Castle construction techniques reached their acme in the 15th century. After that, they were no longer effective because improvements in siege weapons and tactics made it impossible for large numbers of people to fortify themselves behind walls for great periods of time. The "toughest" castles were not those that had the thickest walls or the biggest guns, but those that used geography to their advantage. That's why castles were built in strategic locations such as along the bends of a river or high atop a mountain or hilltop, on an outcropping, on an island, etc. The most impregnable fortresses are those that can withstand the greatest onslaught and can take whatever the enemy throws at them, but they also have to be livable, reliable and sustainable for the people they were built to protect. Early fortresses were built to serve as places of refuge. One can still see the remains of round towers across Ireland. They are all that remain of the ring-forts of which they were the central component. They were not built for habitation, but to be used only when needed.
It was during the feudal era when castles really began to take off on a grand scale, and some were just too large to sustain. Without an effective means of ensuring that the people inside will have a constant supply of fresh water and food, you can construct a castle with walls a mile thick and it won't matter - so every castle had to be built in a place where there was a sizable fresh water supply or fresh water source as well as enough arable land (or enough arable land close by), so that crops and livestock could be raised.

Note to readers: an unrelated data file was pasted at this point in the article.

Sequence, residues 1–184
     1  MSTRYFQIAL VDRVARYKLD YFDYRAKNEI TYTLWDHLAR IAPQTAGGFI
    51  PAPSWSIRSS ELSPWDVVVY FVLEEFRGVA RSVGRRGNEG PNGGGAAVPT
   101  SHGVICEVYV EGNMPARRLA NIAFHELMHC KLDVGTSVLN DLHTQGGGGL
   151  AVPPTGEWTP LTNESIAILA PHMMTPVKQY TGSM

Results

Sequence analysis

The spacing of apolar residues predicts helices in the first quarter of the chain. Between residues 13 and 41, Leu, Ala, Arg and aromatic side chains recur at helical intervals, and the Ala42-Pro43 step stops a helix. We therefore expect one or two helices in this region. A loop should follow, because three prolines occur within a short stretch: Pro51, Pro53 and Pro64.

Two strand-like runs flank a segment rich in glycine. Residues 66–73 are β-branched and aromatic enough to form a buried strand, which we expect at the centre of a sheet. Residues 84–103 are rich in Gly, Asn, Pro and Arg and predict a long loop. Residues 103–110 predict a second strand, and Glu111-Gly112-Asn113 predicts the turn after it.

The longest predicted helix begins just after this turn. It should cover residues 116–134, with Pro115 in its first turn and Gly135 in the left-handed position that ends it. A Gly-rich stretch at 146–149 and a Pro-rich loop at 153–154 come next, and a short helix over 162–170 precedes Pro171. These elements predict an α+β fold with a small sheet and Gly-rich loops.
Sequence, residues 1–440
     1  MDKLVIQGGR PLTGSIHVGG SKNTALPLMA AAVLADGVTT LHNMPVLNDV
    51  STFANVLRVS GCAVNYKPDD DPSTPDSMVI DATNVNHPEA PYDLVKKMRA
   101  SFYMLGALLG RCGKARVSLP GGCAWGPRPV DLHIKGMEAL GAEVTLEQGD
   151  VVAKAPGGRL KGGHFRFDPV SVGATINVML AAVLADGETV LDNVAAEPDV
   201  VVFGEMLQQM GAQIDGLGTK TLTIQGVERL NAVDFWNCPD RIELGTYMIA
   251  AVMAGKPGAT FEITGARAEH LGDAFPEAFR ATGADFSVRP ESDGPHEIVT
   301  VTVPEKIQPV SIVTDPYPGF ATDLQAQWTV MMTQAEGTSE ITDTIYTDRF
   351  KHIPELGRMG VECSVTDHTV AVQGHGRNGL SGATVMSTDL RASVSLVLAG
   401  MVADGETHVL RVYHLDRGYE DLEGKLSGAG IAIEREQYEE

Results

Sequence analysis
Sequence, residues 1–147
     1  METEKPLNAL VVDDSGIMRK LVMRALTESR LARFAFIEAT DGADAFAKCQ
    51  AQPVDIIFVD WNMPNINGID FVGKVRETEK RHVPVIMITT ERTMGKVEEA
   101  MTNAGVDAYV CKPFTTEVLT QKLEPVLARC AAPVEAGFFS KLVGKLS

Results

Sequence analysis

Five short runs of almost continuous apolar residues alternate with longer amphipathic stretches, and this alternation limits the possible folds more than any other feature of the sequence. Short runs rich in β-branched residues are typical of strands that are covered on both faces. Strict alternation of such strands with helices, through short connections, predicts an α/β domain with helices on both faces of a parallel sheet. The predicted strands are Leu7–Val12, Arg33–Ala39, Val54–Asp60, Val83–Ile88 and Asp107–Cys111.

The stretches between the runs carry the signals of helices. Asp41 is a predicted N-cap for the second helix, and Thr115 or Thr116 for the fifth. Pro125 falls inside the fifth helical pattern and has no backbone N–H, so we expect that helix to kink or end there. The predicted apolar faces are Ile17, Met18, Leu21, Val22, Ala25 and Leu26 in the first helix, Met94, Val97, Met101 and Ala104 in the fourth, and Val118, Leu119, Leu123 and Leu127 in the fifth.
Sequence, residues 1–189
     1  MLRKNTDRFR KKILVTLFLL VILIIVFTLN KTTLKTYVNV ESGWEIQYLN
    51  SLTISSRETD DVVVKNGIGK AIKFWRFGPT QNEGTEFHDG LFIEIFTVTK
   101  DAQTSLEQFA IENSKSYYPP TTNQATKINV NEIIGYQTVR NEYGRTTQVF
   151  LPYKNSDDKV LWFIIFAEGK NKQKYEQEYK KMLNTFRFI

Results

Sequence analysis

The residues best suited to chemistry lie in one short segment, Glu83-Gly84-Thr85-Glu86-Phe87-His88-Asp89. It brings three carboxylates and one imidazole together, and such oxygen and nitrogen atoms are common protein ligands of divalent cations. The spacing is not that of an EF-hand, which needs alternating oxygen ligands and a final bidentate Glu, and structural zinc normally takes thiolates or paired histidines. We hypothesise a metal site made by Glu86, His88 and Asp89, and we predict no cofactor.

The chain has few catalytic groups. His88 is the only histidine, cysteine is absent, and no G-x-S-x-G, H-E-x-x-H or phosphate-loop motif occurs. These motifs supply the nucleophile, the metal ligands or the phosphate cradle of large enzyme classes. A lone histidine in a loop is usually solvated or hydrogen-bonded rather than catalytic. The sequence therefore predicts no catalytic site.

Because they were all built for the same purpose and built according to the same standards and with the same techniques, they were all pretty much on par with one another. Perhaps the quality of the craftsmanship was better here and there, but it was really more about where the castle was built that would determine its strength. Of course design did enter the equation to a certain extent, but the building materials varied from one place to another depending on what type of stone could be quarried in that particular area. But of course, once cannons entered the equation, none of that mattered. A relentless barrage of cannonballs would go through limestone eventually just as it would pass through sandstone or granite or anything else.